Caught: Fugitive broker who coaxed Man Utd Chairman out of millions

Caught: Fugitive broker who coaxed Man Utd Chairman out of millions



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A man who posed as a high-powered financial broker and swindled nearly £40m from clients, including £8 million from Manchester United’s ex-chairman, Martin Edwards, has been arrested after three years on the run.

Multi-millionaire Michael Brown, 45, was found guilty of theft, fraud and money laundering at London’s Southwark Crown Court back in 2008 but jumped bail before his trial and went on the run. An arrest warrant was subsequently issued and he was sentenced in his absence to seven years in jail for stealing £36 million from clients, reported the Mirror.

The convicted conman, originally from Glasgow, was arrested and detained on Friday in the holiday resort of Punta Cana in the Dominican Republic, where he is known locally as Darren Patrick Nally, the name believed to be on a fraudulent passport with which he is said to have entered the country, described the BBC.

Back in 2008 the BBC explained the court heard how Brown had spent the millions remaining to fund an "extravagant lifestyle," pay business expenses and keep other investors happy with "pretend" returns.

Martin Edmunds, QC, prosecuting at the time, said Brown rented a £49,000-a-year Mayfair apartment where he "conducted negotiations" with Martin Edwards, the former chairman of Manchester United, whom he stole nearly £8 million.

His multi-million pound "spending spree" included an impressive office in the same area, and a garage of upmarket cars, including a Range Rover with the number plate 5 AVE, a Bentley and a Porsche.

Brown also spent £2.5m on a private jet, £400,000 on an ocean-going yacht and £327,000 on an entertainment system for his home in Majorca.

In light of his latest arrest, victims of the conman, who also posed as a bond dealer and claimed royal connections to steal the cash, are now set to launch a fresh battle to recover their money.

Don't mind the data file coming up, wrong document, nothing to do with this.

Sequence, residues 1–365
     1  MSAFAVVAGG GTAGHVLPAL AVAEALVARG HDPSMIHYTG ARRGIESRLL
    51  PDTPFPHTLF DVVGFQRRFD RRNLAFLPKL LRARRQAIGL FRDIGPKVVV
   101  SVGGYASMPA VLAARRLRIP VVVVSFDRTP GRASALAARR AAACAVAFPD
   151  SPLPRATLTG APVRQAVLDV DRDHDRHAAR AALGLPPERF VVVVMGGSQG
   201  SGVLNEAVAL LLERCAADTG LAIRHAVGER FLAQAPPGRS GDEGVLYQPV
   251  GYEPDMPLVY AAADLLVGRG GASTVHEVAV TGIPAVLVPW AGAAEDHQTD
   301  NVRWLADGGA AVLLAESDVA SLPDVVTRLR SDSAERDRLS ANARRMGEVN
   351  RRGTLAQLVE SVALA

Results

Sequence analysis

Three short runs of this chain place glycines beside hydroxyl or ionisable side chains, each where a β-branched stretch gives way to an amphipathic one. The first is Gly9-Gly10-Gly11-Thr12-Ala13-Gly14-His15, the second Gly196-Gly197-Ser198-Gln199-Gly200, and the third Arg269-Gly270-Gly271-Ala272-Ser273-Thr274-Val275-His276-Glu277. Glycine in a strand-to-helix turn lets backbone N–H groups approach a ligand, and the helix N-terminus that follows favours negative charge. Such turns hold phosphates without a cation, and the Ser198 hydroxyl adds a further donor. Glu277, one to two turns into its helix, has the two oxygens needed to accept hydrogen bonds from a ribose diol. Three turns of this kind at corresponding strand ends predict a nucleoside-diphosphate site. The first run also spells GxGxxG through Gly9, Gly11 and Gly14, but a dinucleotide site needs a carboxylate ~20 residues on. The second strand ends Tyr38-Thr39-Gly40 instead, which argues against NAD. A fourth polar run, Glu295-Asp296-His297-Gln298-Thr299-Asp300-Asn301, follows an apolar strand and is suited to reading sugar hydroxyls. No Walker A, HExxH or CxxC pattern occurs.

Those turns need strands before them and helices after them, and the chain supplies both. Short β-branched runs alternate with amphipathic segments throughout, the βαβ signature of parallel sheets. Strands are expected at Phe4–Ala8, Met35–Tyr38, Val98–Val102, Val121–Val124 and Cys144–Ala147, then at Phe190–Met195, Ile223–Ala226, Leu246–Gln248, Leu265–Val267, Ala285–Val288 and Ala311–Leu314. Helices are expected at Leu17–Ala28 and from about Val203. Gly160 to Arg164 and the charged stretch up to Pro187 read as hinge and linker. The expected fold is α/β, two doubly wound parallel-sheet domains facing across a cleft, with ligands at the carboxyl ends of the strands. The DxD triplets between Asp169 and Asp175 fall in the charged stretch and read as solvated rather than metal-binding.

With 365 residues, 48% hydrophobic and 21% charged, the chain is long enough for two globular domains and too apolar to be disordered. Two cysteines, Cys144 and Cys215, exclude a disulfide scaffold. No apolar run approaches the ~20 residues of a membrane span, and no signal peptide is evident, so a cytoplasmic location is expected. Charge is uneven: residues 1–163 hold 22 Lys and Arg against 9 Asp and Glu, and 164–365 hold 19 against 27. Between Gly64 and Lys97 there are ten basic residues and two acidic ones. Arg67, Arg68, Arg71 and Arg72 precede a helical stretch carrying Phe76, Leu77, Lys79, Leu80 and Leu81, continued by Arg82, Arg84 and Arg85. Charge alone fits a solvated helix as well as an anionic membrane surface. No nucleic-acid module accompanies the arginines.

The fraudster also used £2.4m of the stolen money to fund the Liberal Democrats before the 2005 general election - the party's largest ever donation to date. The party was cleared of any wrongdoing, but Nick Clegg, the Liberal Democrat leader, faced fresh demands over the weekend to repay the donation received from the fraudster back to his victims.

The Daily Telegraph stated that a senior Lib Dem source admitted that the party would be unable to return the money without risking bankruptcy as the fund has been spent long ago. “I don’t think there’s any political party that has £2.4 million sloshing around in its bank account,” the source said.

However, an official stance in response to the arrest was issued by a Lib Dem spokesperson, who said: "The Electoral Commission inquiry in 2009 found that the party accepted the donation in good faith, and were in no way at fault.

"It cleared the party of all wrongdoing and accepted that at the time of the donation, Michael Brown was a permitted donor.

"There is no indication that the Electoral Commission will revise its opinion in this matter but any arrest abroad should lead to his extradition to the UK."

An international manhunt was launched back in 2008 for his arrest but according to a local prosecutor in Higuey, Dominican Republic, Brown was only caught after a warrant was issued for his arrest last February for not paying rent on a Punta Cana multi-million pound apartment he lived in.

At a court hearing, Nally, aka Brown, was remanded in custody for 12 months to allow the allegations to be investigated and the prosecutor to decide if there is a case to answer. A charge of money laundering is also being considered.

UK police are holding talks with ­authorities in the ­Dominican ­Republic, which has no ­extradition treaty with Britain, over Brown’s ­return to face justice.

A City of London Police spokesman said yesterday: "We are pleased to hear that Michael Brown has been detained by authorities in the Dominican Republic, and are currently establishing contact with them to find out further details about his arrest."

"Clearly, at some stage we will look for his return to the United Kingdom, so he can serve the sentence for the fraud offences for which he has been convicted in this country."

But a senior City of London Police spokesman has hinted that someone entering on false documents could be deported to their home nation, stating: "At some stage we will look for his return to the United Kingdom, so he can serve the sentence for the fraud offences for which he has been convicted in this country."

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